In 1968, British Conservative Enoch Powell warned of ‘blood in the streets’ if immigration to the UK from Commonwealth countries continued. In Australia, we chose to differ.
Recognising that immigration, much less migrants themselves, is not the problem, Australia has adopted policies such as multiculturalism which have been remarkably successful in preventing Powell’s racist prophecies becoming reality in this country. But those strong foundations are steadily being undermined.
Last weekend, Defence Minister Senator Robert Hill endorsed an assessment that terrorism was the ‘greatest threat’ facing Australia. He is wrong. Far greater than the threat of criminal terrorism is the disintegration of our society as a result of ethnic mistrust and hatred. For those who scoff that ‘this couldn’t happen here’, look beyond the violence in Cronulla to the torching of Sydney mosques after the September 11 attacks, the increasing violence and intimidation endured by Muslim women wearing headscarves, and the bigotry and odium that is the currency of local talkback radio.
The history of the 20th century is thick with examples where intolerance took violent forms against groups who had believed they were accepted and valued.
People take their lead in large measure from the characterisations of their society made by its leaders. So when those leaders focus on fear and difference, not commonality, the result is an ‘us and them’ society and the beginning of social decline. On several fronts, the Howard Government has contributed to the inflammation of prejudices ignited by the terrorist attacks of 2001.
First, a succession of laws aimed at preventing and punishing terrorist activity has been introduced and passed. Australians of Islamic background have expressed concern that members of their community will be disproportionately targeted by the extra powers granted to police and intelligence agencies, such as preventive detention, surveillance and control orders. The Government has made little effort to reassure that this will not be the case.
Then there was Howard’s famous 2001 statement that ‘we will decide who comes to this country and the circumstances in which they come.’ Again, this tough approach was perceived to be and was directed at people from certain backgrounds, namely people from predominantly Muslim countries in South Asia. Howard’s apparently suspicious attitude towards people from particular backgrounds was also revealed that year when he said, ‘I don’t want people of that type in Australia,’ in reference to asylum-seekers who were (wrongly) accused of throwing their children overboard.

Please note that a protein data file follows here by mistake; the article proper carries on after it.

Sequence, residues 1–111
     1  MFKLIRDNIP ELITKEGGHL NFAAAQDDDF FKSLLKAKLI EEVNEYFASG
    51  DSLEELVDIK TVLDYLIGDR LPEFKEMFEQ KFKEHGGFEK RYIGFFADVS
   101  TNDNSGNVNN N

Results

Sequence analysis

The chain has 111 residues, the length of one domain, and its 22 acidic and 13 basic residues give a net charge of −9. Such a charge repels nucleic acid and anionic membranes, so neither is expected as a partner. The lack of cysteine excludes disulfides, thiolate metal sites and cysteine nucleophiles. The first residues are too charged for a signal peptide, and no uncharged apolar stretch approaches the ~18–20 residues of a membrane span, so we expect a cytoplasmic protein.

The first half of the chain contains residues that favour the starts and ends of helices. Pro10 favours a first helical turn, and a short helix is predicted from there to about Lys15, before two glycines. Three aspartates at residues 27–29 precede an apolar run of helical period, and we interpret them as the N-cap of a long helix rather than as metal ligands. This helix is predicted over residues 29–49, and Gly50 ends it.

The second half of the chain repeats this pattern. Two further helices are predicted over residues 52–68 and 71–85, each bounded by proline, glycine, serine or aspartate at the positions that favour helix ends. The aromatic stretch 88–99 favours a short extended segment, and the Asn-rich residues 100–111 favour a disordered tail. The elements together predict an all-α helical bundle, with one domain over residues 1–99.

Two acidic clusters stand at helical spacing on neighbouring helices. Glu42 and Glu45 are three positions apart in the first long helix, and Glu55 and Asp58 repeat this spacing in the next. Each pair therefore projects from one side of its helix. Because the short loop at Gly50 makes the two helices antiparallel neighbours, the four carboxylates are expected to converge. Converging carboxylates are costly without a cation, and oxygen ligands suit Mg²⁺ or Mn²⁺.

And this year, a number of members of the Howard Government spoke in favour of a ban on Muslim girls wearing headscarves to school. Victorian Liberal MP Sophie Panopoulos said,
My personal view is I would put a ban on headscarves as governments have overseas. That’s up to individual schools and State governments but if a school has a uniform that’s pretty much it.
Bronwyn Bishop was one of several other Liberals who agreed, saying that,
They should not wear them. They should wear the school uniform because it’s a great leveller and a great integrator and part of building a cohesive society.
Displaying an extraordinary lack of political guile (an anomaly which might reveal his agreement with the sentiment), John Howard refused to confront the MPs, defending their right to express their views:
Oh look, somebody’s entitled to express a view. I don’t think, I mean I don’t support it. Let me make that clear I don’t support it. But somebody’s got a right to express that view.
Finally, the Prime Minister refused to label the behaviour at Cronulla beach on the weekend racist, saying,
I’m not going to put a general tag [of]racism on the Australian community. I think it’s a term that is flung around sometimes carelessly and I’m simply not going to do so.
Fair enough. After all, it would be wrong to label the Australian community as a whole as racist. But it would not be ‘careless’ to say that many people at Cronulla at the weekend engaged in racist behaviour and speech. News footage shows it all. People screaming, ‘Fuck off Lebs!’ Mobs attacking innocent beachgoers who looked as if they were of ‘Middle Eastern appearance’.
Those at the receiving end of the violence will take little comfort from Howard’s careful use of words.
The effects of an isolated act of terrorism, while shocking and possibly deadly, are limited compared to the long-term effects of a society in which violence has become an acceptable form of addressing problems. Unless we make at least the same efforts in resisting the breakdown of community cohesion as we are committing to prevent the comparably limited effects of an isolated act of terrorism, Australia faces an ugly future.
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